Fitch Ratings said current protests not threaten Turkey's rating

The global rating agency Fitch Ratings on June 7 said that the anti-government protests in Turkey were not a threat to the sovereign's 'BBB-' rating at present.

According to a written statement by Fitch, «The level of unrest is well within the tolerance of political stability embedded in the current rating, and the economic impact so far is minor.»

«Low political stability and, in particular, low World Bank voice accountability indicators (the latter falling well short of the 'BBB' median) have long been a feature of Turkey's sovereign credit profile and are already considered weaknesses in our sovereign rating assessment,» Fitch underlined.

The statement said that the years 2014-2015 have a busy election schedule and underlined, «The secular opposition in Turkey have difficulties to make themself heard. The parallels with the Arab Spring should not be overplayed. The demonstrations have attracted educated, middle-class Turks rather than disaffected workers or the unemployed. The Justice and Development (AK) Party has democratic legitimacy and a strong parliamentary majority, good poll ratings, and has delivered much of its original mandate over three electoral terms. Nevertheless, the protests may yet cause the government to reassess its stance on constitutional reform and enhanced powers for the presidency, and advocates of a more cautious approach should get a greater hearing.»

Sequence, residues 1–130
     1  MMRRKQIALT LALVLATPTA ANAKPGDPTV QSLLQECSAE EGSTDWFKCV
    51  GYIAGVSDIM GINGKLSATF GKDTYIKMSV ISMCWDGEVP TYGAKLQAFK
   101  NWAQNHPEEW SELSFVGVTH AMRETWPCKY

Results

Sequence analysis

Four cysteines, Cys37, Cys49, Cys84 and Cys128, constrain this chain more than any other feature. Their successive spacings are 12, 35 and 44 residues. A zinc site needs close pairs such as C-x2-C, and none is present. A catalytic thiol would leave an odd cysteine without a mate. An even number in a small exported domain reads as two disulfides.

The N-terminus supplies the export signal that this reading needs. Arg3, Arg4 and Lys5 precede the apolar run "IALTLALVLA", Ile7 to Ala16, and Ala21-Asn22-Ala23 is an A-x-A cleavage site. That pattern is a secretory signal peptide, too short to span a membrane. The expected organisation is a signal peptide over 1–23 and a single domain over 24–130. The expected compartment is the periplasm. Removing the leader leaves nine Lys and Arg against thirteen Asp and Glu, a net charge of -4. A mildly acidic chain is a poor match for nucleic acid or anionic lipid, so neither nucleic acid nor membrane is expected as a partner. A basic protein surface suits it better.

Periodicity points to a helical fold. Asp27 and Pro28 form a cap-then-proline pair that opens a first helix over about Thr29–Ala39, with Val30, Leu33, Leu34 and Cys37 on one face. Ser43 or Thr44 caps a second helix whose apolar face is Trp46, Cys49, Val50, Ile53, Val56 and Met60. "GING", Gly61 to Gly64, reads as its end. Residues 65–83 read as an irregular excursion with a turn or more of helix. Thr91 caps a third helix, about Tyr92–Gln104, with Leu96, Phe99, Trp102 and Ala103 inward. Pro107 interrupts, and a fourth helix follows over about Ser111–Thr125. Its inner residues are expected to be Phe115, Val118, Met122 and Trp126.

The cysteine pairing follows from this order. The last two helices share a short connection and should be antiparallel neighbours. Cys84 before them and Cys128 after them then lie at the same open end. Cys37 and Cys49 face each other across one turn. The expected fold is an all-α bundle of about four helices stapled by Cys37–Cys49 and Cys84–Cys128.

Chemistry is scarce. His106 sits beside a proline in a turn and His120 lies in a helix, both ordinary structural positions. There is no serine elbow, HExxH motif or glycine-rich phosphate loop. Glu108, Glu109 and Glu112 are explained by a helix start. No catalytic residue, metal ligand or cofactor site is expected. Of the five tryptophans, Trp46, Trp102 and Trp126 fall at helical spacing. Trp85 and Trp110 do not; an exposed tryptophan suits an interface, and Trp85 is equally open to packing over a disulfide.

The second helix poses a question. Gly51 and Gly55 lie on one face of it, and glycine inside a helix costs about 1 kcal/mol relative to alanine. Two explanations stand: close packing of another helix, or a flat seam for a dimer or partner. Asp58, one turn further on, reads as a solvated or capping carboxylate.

Fitch Ratings noted, «Similarly, the demonstrations have not been on the scale that would bring about the kind of economic dislocation that has occurred in parts of the Arab world in recent years. The Turkish economy has performed well, inflation has come down, and unemployment in 2012 was at a seven-year low of 9.2 precent. Although Turkey’s current account deficit and short-term debt are large, financing has proved resilient throughout the post-Lehman Brothers collapse and eurozone crises.»

«Much will depend on how the authorities respond to the protests. Poorly handled, the situation could escalate, with adverse consequences for the economy. Persistent political and social unrest could deter tourism, destabilise short-term capital inflows, drive up inflation and damage economic growth,» Fitch Ratings warned. 

Fitch Ratings upgraded Turkey to ‘BBB-’ from ‘BB+’ in November.

Adapted from Anadolu